THE NEW British Business Bank is to be set up in Sheffield, according to a government announcement today, as business secretary Vince Cable pledges another £250m for the project.
The increase in funding means that the state-backed bank, which is meant to help small businesses access finance, will begin with £1.25bn.
Spokespeople from the Department for business, innovation and skills (BIS) said that the bank would begin with about 100 members of staff, including credit risk analysts. According to BIS, Sheffield was chosen as the department has an unused building, left over from the shrinking Capital for Enterprise programme.
However, the bank still does not have approval from the European Commission to begin lending, so is unlikely to be fully operational until autumn next year.
Business secretary Vince Cable insists that the bank will help the UK’s 4.9m small and medium sized firms: “It is a new long-term institution which is helping to create more competition in the banking sector and give access to finance to businesses who are currently struggling with high street banks, to get the cash they need to invest in their future growth.”
Las month Cable also announced that Ron Emerson, former group head of wholesale banking at Standard Chartered Bank, would head up the business bank.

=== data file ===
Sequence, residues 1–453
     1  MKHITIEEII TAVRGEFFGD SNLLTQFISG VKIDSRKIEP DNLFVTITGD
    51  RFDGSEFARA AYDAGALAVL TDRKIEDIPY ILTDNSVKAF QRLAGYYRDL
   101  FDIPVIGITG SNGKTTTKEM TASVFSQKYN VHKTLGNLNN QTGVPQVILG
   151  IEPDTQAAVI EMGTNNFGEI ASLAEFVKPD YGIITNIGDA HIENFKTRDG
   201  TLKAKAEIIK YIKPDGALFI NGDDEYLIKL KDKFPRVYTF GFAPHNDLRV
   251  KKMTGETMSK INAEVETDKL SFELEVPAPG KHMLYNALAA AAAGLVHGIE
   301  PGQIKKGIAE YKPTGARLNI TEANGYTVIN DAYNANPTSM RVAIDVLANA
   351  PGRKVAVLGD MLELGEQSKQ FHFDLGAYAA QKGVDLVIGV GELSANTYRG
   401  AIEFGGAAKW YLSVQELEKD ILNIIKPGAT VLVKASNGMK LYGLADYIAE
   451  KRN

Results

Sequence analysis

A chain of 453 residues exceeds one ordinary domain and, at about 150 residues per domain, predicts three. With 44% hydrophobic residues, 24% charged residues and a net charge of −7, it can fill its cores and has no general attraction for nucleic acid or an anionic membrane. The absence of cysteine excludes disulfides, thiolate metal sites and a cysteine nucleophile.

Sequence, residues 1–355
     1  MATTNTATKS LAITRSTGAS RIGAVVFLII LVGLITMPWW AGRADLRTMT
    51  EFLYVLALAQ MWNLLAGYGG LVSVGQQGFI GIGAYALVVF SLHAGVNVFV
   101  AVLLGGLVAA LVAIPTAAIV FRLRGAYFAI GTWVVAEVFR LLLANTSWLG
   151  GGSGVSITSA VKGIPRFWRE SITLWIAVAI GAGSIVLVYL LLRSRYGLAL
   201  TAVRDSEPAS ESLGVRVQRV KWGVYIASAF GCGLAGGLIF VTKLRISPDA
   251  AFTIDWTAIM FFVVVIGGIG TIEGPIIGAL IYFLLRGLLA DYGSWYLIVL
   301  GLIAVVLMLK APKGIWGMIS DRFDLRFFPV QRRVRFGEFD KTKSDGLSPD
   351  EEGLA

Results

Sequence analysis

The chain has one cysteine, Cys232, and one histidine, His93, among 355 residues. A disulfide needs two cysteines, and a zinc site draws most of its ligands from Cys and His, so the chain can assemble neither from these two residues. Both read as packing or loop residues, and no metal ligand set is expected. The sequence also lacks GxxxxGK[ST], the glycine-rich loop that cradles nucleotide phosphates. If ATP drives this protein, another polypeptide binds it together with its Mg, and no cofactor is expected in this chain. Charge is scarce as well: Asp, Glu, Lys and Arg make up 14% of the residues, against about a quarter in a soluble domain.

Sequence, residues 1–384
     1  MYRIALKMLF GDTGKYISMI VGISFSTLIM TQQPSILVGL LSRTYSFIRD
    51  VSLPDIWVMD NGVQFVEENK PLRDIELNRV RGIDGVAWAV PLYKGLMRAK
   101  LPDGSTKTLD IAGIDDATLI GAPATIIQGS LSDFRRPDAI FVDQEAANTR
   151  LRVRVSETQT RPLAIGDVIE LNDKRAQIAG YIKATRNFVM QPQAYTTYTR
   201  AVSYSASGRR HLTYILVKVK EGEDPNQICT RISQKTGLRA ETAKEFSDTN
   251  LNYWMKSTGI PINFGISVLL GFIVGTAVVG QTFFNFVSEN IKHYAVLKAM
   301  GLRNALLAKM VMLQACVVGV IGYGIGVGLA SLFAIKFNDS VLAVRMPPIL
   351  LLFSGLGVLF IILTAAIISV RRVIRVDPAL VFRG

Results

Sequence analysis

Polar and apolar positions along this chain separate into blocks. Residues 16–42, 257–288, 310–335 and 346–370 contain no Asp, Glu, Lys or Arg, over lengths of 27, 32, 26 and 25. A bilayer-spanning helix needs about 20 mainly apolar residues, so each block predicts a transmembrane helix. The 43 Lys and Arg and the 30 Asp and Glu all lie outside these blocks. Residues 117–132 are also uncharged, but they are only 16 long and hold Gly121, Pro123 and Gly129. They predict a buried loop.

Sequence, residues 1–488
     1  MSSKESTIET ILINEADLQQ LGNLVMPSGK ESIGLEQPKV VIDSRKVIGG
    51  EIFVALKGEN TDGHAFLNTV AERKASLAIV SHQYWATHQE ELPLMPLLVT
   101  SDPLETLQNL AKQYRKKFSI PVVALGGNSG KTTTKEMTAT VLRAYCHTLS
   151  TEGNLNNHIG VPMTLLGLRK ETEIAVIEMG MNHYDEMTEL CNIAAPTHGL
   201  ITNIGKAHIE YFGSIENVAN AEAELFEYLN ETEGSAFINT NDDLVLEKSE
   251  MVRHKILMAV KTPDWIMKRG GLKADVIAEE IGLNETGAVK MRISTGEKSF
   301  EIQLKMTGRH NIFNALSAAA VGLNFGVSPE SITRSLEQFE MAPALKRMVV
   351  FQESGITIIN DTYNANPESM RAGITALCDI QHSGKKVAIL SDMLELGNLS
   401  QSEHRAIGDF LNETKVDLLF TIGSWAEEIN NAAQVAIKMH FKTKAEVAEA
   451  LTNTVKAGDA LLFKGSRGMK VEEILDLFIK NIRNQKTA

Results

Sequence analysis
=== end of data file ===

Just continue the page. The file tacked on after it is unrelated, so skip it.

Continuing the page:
The national chairman of the Federation of Small Businesses (FSB), John Allan, welcomed the news: “Our members will welcome this further commitment to the Business Bank, which has a key part to play in fostering competition and ensuring businesses get access to finance they need to grow.”
He added: “The finance through the Business Bank needs to help very small and start-up businesses who we know find it hard to raise finance through the main high street banks.”
However, previous attempts by the government to lift lending to small businesses have not received an overwhelmingly positive reaction.
In 2011, Lord Oakeshott stepped down from this position as a Liberal Democrat party Treasury spokesman, after calling the Project Merlin scheme’s efforts to improve credit conditions “pitiful”. Many banks involved did not meet the lending targets set for them under the agreement.